As you’ve probably heard, the Pregnant Workers Fairness Act (PWFA) went into effect late last month. The EEOC has since released PWFA guidance to help companies comply with the new law until it issues compliance regs.
What you need to know about the new law
The new law is narrow, focusing on accommodations. It requires employers with 15 or more employees to engage in the interactive process with covered employees and make reasonable
accommodations for pregnancy, childbirth and related medical conditions — as long as the accommodations do not pose an undue hardship on the employer.
In the legislation, Congress directed the EEOC to release compliance regulations within two years.
At some point, the EEOC will issue a proposed version of PWFA regs and open it up for comments to allow the public to offer comments before the regs become final.
In the meantime, the EEOC has issued the following PWFA guidance, which is especially helpful because there is no grace period. The EEOC started accepting PWFA charges on June 27.
PWFA guidance: 3 new tools for employers
This infographic for employers:
- Outlines employer obligations under the PWFA
- Provides relevant statistics about pregnant employees, and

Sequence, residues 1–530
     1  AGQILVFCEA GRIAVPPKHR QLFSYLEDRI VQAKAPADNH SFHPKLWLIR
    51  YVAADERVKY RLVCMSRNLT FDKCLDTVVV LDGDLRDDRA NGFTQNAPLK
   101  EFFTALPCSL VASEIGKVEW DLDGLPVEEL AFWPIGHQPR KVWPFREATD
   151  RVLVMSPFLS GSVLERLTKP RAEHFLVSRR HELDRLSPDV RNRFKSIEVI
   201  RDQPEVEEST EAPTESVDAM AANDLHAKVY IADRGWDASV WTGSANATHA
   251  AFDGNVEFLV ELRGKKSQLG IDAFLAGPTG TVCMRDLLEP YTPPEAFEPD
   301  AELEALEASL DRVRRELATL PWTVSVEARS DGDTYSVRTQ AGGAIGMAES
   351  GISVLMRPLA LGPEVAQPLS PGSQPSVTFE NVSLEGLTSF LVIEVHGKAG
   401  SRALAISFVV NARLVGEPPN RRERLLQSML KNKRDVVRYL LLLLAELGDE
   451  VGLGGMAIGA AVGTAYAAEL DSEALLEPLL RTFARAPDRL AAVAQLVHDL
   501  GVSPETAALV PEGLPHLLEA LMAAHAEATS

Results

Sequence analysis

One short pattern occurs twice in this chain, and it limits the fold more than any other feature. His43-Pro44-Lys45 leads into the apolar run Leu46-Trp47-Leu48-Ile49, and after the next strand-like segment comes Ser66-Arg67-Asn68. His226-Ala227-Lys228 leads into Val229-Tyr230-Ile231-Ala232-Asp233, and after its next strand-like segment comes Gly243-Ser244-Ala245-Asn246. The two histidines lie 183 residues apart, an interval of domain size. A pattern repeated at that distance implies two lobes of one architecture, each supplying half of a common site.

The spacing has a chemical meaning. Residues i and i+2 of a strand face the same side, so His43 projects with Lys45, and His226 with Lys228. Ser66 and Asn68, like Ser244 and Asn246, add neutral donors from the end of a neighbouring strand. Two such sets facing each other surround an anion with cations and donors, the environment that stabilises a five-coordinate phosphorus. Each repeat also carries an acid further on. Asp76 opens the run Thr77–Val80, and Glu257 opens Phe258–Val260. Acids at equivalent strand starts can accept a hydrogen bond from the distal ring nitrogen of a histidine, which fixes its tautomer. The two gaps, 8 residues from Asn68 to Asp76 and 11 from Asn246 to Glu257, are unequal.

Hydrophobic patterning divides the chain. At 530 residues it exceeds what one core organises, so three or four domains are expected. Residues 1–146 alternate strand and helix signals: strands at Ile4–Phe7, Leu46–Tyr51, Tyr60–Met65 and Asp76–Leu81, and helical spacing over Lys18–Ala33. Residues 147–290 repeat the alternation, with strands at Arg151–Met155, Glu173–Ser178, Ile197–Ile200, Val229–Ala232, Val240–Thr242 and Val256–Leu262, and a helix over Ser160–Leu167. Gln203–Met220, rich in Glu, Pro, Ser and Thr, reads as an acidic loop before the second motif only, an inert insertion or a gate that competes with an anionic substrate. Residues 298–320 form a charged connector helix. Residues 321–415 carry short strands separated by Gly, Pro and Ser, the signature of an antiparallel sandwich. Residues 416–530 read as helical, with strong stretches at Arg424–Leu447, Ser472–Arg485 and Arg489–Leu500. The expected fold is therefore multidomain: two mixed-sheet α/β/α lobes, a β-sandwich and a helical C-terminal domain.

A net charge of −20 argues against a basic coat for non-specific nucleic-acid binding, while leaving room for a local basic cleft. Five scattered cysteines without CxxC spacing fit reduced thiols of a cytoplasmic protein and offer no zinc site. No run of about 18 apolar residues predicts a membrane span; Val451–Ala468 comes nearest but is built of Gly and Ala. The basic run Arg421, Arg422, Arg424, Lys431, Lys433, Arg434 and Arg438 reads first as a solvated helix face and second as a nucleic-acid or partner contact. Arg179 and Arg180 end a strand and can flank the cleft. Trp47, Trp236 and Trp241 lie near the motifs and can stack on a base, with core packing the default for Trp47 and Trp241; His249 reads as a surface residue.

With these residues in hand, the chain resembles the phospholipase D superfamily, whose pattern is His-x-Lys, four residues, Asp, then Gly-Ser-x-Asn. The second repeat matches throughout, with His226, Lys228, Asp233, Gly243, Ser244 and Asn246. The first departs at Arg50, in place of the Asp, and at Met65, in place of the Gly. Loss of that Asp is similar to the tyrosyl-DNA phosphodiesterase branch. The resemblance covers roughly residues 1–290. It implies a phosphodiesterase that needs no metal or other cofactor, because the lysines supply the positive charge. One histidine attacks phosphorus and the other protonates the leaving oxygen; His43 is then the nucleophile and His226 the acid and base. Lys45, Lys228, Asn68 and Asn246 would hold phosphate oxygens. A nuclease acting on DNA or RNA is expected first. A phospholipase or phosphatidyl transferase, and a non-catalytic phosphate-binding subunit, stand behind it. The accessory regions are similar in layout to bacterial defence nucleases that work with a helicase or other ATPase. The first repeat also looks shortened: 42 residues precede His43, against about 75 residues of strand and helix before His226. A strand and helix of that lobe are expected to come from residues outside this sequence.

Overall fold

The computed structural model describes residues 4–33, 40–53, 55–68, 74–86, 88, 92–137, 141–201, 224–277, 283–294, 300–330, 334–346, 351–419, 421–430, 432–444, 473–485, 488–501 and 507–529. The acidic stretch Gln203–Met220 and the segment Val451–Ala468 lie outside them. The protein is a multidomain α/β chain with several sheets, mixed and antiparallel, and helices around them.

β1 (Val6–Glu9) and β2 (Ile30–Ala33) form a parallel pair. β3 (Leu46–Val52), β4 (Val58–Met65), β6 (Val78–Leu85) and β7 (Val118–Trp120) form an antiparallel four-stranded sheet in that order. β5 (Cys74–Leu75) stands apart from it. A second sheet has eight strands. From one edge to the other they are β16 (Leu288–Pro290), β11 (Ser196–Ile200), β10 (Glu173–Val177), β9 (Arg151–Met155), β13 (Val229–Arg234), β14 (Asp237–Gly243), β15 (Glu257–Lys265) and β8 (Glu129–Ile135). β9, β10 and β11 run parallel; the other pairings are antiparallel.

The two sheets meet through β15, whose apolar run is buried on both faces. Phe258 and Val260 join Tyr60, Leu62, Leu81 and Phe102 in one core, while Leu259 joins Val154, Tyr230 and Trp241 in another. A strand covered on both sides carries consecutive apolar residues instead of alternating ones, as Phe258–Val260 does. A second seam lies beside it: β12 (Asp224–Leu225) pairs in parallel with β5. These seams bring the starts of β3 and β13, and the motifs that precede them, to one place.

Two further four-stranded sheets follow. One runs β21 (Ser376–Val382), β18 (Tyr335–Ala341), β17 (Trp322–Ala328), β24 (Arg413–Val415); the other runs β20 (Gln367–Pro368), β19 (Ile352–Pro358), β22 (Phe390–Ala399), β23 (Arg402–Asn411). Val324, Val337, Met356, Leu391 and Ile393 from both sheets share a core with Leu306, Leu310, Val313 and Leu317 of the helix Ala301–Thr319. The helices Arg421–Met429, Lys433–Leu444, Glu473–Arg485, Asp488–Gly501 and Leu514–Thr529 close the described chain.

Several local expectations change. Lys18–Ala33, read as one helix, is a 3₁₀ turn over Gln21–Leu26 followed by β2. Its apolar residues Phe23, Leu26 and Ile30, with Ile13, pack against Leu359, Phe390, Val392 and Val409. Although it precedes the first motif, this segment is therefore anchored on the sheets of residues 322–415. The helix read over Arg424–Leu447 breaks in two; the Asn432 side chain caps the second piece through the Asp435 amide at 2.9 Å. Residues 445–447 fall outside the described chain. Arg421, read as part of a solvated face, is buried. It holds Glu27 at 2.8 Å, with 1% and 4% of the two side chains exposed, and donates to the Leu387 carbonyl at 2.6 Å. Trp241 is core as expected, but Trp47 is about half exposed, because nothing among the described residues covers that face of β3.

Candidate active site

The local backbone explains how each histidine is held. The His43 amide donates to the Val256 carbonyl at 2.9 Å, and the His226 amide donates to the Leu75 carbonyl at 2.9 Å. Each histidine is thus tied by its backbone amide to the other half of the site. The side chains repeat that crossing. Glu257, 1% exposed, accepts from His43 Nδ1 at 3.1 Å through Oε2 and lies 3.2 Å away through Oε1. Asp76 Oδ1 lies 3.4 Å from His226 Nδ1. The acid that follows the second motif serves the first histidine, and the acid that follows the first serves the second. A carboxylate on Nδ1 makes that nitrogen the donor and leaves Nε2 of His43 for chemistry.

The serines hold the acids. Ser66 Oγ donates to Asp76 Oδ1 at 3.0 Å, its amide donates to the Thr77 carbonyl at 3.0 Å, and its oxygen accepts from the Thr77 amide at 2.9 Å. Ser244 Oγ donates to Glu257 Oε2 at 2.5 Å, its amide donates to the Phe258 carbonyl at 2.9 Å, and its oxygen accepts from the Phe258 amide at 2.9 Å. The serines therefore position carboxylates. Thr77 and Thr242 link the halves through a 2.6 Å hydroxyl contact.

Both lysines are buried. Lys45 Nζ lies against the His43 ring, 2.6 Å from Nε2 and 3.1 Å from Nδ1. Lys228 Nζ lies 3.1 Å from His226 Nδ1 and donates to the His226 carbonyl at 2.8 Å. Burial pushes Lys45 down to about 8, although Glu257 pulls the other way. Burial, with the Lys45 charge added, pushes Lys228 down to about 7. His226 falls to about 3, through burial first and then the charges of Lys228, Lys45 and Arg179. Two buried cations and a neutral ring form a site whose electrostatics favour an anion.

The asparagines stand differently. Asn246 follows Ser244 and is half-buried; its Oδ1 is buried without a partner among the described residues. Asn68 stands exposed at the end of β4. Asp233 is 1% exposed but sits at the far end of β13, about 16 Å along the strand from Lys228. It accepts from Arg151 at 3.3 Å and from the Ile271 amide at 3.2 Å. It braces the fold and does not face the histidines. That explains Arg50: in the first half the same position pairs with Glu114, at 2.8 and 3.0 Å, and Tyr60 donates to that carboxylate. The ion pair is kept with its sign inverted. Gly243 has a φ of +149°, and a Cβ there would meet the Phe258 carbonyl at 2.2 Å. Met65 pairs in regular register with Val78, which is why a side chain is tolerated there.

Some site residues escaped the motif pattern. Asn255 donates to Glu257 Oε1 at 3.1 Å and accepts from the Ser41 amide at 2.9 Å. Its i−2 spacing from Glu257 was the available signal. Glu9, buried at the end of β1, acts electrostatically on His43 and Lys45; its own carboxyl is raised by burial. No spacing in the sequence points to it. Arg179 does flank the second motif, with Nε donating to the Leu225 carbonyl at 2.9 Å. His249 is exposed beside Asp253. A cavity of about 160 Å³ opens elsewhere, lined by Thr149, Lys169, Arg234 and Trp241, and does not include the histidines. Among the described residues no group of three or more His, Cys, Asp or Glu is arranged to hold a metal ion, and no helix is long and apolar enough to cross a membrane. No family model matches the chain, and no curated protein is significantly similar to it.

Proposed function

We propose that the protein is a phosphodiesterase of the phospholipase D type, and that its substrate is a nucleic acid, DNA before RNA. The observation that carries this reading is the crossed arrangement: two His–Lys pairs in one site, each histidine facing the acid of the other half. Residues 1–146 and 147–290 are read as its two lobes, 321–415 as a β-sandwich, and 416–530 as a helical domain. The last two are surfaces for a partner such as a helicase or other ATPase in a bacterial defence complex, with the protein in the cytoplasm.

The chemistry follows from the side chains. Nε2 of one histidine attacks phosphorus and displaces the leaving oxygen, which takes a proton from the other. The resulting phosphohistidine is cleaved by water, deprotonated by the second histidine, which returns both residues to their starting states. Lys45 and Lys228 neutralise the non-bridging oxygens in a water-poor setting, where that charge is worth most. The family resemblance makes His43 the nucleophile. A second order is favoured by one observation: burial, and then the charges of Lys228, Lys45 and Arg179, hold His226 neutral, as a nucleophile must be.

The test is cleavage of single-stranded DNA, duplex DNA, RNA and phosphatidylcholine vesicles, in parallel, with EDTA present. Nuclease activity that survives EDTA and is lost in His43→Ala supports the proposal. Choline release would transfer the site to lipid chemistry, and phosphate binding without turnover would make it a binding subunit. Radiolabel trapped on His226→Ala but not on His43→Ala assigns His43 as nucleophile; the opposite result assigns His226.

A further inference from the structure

- Includes examples of potential accommodations under the PWFA.
This informational poster:
- Defines relevant legal terms, such as “reasonable accommodations” and “undue hardship,” found in the PWFA
- Provides additional examples of potential accommodations under the PWFA, and
- Includes a list of other federal laws that may apply to pregnant workers.
3. Notice for employees
This infographic for employees:
- Notifies covered employees of their right to seek accommodations if necessary
- Provides a three-step plan to help employees discuss accommodation needs with employers, and
- Offers advice on what to do if the employer declines an accommodation request.
What should you do NEXT?
To ensure compliance with this new law, employers should immediately consider the following:
- Revising their policies/procedures and employee handbooks to reflect the new protections under PWFA and to establish a process by which pregnant workers can seek accommodations.
- Advising and training human resource employees and managers to recognize these new rights and respond appropriately to employees seeking accommodations.
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